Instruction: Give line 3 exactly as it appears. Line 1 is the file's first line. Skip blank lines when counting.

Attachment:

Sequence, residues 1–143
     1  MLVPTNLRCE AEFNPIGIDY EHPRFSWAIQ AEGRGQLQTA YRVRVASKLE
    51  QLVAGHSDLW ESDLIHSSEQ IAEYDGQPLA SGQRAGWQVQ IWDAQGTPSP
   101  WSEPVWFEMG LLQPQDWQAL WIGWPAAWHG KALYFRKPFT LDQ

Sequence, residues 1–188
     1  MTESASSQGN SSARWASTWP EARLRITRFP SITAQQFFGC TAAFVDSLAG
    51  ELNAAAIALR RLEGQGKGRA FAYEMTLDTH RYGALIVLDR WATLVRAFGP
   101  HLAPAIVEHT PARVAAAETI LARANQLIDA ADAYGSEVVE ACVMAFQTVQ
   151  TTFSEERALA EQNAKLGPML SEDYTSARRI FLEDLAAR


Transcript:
    51  QLVAGHSDLW ESDLIHSSEQ IAEYDGQPLA SGQRAGWQVQ IWDAQGTPSP